Erica’s mother looked like a broken doll stretched out on the wood of the living room floor. “I can’t see…” Her words were filled with pain and her face for once seemed strangely dark, as if a storm cloud had passed between her spirit and her eyes.
“Mother?” Erica was timid in the doorway, trembling at the sight. Her mother did not move, gripping her hair in her right hand and with her left hand now covering her eyes. Erica waited, tears running down her face and racing from the end of her nose toward the floor. Finally, Erica left and returned to bed, wrapping her blankets about her and watching the moonless sky as it creeped around her curtains, invading her room.
The next morning, Erica woke up to the smells of frog-in-the-hole frying. Her mother was in the kitchen, singing a lullaby that Erica remembered from when she was very young.
Hush my child, for I am here
Even when the dark is near
Even when the world is fear
Hush my child, I’m always here
“I can’t see,” the banshee said a third time, and began to cry. She cried loudly, gasping for breath between each sob. Mark watched in astonishment as her nose began to run and she wiped it quickly without interrupting her rhythmic sobbing. Erica seemed to be crying as well, he realized. Except that she sat completely still, looking far past him as a drop of water trickled from the far corner of her eye. It was a bit too much really, sitting on a roof with two whining girls. After all, he was missing his last class and chemistry was really the only subject he liked to attend. The possibility of an explosion always kept up his interest.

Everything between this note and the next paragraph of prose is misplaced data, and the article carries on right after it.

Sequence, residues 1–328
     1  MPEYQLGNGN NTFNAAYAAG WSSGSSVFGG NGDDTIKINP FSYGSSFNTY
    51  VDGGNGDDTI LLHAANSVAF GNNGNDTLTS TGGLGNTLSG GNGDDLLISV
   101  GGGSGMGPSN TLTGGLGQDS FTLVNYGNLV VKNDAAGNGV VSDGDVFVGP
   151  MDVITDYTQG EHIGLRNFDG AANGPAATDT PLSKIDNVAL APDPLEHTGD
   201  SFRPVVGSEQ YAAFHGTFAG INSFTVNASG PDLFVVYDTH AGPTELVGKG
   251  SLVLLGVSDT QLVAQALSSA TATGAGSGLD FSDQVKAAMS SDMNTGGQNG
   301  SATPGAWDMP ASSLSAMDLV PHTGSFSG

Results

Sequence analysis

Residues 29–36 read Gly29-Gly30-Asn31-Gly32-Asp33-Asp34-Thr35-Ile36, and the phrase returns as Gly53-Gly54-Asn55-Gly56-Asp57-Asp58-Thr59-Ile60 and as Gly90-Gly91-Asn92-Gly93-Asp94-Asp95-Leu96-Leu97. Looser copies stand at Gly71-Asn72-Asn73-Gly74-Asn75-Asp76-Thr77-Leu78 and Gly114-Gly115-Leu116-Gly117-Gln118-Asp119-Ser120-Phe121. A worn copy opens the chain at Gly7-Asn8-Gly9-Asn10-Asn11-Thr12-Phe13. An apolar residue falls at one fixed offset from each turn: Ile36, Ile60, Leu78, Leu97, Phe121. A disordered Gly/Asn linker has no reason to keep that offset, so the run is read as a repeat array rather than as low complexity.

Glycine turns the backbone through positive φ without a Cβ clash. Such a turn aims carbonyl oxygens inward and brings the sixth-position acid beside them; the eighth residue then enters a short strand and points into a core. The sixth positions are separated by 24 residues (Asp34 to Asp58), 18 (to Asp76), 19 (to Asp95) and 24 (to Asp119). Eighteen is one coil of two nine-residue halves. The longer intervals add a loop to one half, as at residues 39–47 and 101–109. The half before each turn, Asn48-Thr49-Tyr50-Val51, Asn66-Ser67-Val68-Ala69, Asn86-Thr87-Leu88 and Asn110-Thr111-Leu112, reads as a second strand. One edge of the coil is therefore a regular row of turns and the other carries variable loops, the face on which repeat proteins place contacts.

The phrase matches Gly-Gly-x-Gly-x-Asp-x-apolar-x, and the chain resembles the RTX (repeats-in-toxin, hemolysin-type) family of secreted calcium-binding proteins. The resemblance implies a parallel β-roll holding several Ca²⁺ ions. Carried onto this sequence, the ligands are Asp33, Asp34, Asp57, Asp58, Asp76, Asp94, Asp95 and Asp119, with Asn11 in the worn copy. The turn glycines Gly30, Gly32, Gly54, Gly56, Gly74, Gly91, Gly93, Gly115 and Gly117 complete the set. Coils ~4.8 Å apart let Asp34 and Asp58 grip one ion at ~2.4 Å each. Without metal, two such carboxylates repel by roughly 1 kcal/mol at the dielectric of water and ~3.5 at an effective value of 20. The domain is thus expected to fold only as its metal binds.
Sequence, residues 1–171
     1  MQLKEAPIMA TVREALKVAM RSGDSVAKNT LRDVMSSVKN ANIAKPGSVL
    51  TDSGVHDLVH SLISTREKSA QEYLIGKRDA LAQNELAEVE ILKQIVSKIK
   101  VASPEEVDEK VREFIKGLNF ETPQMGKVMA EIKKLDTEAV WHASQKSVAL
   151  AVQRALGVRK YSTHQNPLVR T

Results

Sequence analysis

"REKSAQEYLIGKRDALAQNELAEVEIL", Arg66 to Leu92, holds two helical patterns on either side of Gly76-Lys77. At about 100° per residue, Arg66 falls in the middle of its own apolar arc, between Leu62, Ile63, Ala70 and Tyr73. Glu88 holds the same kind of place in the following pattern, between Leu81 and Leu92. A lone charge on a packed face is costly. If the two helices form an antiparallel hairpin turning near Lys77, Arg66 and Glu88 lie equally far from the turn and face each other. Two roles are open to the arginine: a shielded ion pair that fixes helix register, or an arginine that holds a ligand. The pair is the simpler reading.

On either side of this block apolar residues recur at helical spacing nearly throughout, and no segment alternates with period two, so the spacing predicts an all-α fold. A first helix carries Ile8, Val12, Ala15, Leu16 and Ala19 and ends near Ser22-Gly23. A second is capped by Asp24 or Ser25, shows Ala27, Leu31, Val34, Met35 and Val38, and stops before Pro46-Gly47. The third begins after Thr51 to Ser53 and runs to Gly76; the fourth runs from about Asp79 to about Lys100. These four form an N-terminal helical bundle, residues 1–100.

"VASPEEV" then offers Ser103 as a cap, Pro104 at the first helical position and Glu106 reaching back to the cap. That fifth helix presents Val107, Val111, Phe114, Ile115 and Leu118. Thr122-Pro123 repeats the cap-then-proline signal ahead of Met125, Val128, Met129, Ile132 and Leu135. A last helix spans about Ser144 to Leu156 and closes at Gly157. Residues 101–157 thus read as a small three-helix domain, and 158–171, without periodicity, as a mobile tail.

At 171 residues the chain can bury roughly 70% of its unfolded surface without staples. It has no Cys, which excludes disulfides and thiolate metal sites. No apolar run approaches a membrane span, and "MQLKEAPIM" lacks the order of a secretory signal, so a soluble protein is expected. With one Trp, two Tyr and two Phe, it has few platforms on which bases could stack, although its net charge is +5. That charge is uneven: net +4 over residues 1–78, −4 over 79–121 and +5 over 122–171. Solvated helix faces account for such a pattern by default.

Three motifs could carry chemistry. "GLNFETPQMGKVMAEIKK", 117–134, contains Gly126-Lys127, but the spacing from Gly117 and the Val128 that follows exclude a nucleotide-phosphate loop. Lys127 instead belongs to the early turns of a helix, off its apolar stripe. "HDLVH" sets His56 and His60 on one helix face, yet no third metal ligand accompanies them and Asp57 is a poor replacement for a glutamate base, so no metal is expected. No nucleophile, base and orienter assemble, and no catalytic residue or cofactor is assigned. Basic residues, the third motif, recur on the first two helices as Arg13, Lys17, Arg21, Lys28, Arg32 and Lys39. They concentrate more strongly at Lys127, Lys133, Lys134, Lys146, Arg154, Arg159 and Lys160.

Suddenly the banshee took a bigger breath.
“No wait!!” Mark shouted. It was too late. Mark fell to the ground, clutching his ears, as the banshee’s wail rose and circled like a terrible vulture. The noise pounded through his skull. Even Erica was moving now, backing away quickly and trying to cover her ears with the textbooks she was holding.
“Stop shouting!” Mark screamed.
“I’m not shouting,” the banshee snapped, breaking off her cries. “I’m wailing! How many times do I have to tell you?”
“Well I couldn’t exactly think with all that noise,” Mark mumbled.
“And that’s what we need to do. We need to think,” Erica said. “The three of us.”
The three of them sat in a circle. Suddenly the silence was interrupted as the chimney behind the banshee’s back seemed to wheeze and cough out dark soot from the top. The soot dropped down like rain, pouring over their clothes and hair.
“But that chimney hasn’t been used for years!” Mark exclaimed, trying to brush off the soot. Soon he was smeared in black, his face resembling a frenzied zebra.
Erica and the banshee were staring at bits of the ash.
“It’s definitely shaped like a coffin,” the banshee said.
“We don’t have much time,” Erica agreed. “Will you help us… sorry, I don’t know your name.”
The banshee was silent for a minute. “I’ve never been asked for help,” she said softly. “Or for my name.”